The presence of Tim Sale was certainly a big draw for many of the American art collectors I recognized who follow Sale around from event to event, Grateful Dead style. He had a long, healthy line for the duration of the event, as did Ethan Van Sciver, Darick Robertson, Herb Trimpe, Dale Eaglesham and many of the other comic pros that came to Montreal for the event. Montreal-based artists Yanick Paquette, Cameron Stewart and Kelly Tindall all had healthy lines and seemed very happy with the attendance and attention they were receiving.

The MCC was unique in that it attempts to bridge the wide gap between English comics and French BD… and from my perspective a lot of the gap was shortened by the presence of Barbara Canepa, who had long lines of French and English speaking fans there to see her to get their Sky-Doll comics signed and sketched upon. One thing that we noticed that was different between attending English artists vs. attending French ones was that the English artists would sign but charged for detailed sketches. Some, like Sale and Van Sciver did do free sketches in books if the time-permitted. French artists almost always sketched for fans who bought their books in the front of the books, producing fairly elaborate and in some cases full colour sketches for fans who brought them books to sign.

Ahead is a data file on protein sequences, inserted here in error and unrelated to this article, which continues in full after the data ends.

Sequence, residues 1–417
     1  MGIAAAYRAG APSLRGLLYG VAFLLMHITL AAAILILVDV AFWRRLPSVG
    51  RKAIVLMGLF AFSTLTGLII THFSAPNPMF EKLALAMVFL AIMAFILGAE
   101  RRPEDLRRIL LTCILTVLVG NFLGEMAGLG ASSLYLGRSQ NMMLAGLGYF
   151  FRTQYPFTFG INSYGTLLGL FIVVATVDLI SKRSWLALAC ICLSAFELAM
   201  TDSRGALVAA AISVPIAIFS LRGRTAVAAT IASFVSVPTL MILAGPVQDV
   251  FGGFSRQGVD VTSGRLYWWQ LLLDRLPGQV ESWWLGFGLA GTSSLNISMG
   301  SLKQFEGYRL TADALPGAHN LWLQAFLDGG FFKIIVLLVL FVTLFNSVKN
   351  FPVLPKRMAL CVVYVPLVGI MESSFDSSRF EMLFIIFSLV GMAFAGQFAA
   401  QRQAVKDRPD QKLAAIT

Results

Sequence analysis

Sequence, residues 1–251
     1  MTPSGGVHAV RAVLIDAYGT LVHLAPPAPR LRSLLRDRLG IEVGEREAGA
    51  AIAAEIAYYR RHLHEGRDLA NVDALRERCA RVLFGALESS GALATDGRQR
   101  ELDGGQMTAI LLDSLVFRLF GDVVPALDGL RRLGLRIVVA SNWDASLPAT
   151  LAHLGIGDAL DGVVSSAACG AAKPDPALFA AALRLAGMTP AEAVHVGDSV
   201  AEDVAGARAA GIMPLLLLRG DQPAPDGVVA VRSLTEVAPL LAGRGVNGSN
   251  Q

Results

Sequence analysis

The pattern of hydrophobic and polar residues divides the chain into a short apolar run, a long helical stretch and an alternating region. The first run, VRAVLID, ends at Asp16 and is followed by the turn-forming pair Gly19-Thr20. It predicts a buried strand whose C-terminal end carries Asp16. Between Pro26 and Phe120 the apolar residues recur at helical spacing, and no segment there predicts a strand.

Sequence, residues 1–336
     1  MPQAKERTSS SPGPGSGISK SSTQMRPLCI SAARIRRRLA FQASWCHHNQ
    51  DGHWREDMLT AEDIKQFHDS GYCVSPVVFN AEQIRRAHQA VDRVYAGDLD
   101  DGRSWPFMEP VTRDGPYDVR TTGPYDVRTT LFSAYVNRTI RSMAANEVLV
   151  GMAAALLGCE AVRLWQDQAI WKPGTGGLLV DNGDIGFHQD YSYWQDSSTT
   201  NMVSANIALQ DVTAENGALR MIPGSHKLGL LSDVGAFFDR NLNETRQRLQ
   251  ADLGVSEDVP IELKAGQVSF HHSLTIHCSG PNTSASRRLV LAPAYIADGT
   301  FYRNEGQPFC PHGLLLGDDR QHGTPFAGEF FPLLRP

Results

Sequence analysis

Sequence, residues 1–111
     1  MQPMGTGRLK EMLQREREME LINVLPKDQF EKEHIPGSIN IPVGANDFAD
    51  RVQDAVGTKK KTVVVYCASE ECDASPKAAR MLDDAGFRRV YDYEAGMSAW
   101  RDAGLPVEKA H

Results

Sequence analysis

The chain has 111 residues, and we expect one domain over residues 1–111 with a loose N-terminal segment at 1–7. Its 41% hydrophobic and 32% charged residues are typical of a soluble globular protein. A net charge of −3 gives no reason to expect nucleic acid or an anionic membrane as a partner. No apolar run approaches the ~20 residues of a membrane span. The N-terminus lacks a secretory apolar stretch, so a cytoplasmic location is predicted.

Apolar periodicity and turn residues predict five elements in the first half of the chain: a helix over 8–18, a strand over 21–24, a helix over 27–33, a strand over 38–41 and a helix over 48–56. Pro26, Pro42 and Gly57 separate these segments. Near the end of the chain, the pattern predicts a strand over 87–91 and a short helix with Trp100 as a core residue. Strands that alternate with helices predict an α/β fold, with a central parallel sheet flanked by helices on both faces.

Les 400 Coups had a long booth with four stations at which creators signed and sketched in books and talked to fans. Robert and I were able to pass along their plaque from the 2009 ceremony and had a pleasant conversation with company reps about market penetration into other areas of North America, as Robert relayed some of his own personal experiences in dealing with the French BD distributors in an attempt to get product into stores. Hopefully we’ll have more to discuss on this topic as one of our goals is to get retailers across Canada information on how to order these great works for their own stores – or at least relay information to them and their customers as to what is available. The BD market is very Europe-focused and I think we’d all like to see some more awareness here in Canada as to the excellent work being produced.